How To Get Girls To Fall In Love with Science


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The United States is one of the few countries around the world where 15-year-old boys outperform the girls in science. This disproves the old theory that boys just have a better aptitude for science. Instead, the U.S. Department of Education believes that “improving girls’ beliefs about their abilities could alter their choices and performance.”

Inspiring a passion for science early could also help girls close the gender pay gap and gain financial independence for themselves and their families. But how do we get American girls to fall in love with science like their peers around the world?

Start Early

Studies show that societal and peer pressures make girls lose confidence in their ability to master scientific concepts by about fourth grade. It’s crucial then that they learn about science early so they have faith in their scientific skills. Conducting regular, simple scientific experiments from as early as kindergarten will help build their confidence.

Appeal to Their Desire to Solve Real Problems

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Studies show that girls tend to choose their career path based on their belief that it’ll make a difference in the world. This is why girls tend to favor nurturing professions, like nursing and teaching. Teachers can help their female students become passionate about science by emphasizing the ways it can help people, animals, or the environment.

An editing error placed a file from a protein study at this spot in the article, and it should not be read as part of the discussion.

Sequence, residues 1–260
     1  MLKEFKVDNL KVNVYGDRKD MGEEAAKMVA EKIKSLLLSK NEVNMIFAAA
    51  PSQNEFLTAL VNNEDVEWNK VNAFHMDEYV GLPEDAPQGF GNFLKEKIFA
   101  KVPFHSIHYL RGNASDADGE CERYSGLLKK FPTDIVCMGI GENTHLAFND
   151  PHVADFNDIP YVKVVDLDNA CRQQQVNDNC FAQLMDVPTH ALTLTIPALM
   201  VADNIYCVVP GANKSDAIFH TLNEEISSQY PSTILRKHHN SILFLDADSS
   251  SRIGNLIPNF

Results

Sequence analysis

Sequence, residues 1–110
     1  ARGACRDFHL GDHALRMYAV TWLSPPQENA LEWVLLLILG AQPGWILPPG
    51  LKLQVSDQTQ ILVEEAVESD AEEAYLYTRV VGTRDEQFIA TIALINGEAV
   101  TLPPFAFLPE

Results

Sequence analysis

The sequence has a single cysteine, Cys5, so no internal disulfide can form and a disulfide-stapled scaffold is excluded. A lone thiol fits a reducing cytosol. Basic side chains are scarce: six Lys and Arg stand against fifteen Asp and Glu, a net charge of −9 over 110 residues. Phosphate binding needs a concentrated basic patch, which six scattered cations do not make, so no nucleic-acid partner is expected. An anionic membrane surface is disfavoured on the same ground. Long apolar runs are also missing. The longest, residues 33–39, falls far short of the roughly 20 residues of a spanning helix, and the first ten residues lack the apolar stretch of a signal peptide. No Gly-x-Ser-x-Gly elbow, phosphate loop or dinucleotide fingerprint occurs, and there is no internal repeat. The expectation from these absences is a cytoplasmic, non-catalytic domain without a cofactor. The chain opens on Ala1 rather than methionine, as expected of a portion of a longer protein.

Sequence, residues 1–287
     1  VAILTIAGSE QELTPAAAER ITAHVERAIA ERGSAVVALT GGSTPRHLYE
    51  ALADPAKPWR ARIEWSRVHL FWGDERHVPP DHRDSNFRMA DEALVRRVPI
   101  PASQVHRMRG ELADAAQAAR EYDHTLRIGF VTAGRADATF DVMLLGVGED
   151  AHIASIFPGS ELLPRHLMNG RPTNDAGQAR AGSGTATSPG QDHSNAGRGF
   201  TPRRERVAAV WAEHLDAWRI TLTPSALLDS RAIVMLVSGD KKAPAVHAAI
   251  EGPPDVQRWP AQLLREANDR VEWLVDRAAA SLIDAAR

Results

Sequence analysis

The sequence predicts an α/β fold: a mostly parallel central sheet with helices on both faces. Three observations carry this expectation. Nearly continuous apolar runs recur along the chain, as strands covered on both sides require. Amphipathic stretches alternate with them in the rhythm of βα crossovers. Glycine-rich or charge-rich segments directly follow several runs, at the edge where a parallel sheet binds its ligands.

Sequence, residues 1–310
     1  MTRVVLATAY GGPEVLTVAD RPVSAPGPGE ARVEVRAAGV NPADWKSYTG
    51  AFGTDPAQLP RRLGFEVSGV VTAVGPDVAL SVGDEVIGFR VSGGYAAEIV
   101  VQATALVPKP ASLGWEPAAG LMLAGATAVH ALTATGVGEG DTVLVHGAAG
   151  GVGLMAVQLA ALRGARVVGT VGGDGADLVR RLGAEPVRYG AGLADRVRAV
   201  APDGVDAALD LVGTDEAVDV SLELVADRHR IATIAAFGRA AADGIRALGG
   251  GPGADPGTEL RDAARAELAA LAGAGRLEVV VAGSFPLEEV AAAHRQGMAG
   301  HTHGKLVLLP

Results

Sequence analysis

“They see that there’s some value to it, that they can make a difference in the world,” explained Tamara Hudgins, Ph.D, the executive director of Girlstart, a charity that provides science-based after-school and enrichment programs for girls. “So when we do robotics, we look for ways to apply it to real world problems, such as creating a robot that can go into an oil spill and save a pelican.”

Encourage Girls to Participate in Special Programs

Girlstart is just one initiative that creates science-based programs specifically for girls. Many local universities, zoos, museums, and parks and recreation departments also run similar schemes. Seek out information about these and other after-school and enrichment programs available, encouraging your female students to participate in them. Since these initiatives are tailor-made for girls, they can provide more targeted instruction than most teachers who must try to engage male and female students.

Teach Them About a Range of Careers That Use Science

Many girls shun science because they think it’ll lead to a masculine career. Teachers can counteract this by teaching their classes about the many varied opportunities a career in science holds. For example, a student that loves science could become a family nurse practitioner, a marine biologist, a nutritionist, a product designer, or an industrial chemist.

It’s best to speak about these careers without any references to gender, as girls are certainly capable of entering any male-dominated profession. Instead, pique their interest with descriptions about the jobs available. If possible, you could also invite male and female professionals working with science to speak to your class. These positive role models can inspire the young science professionals of the future.

Changing the way we teach science in schools is key to getting girls to fall in love with this important field and pursue it in the future.

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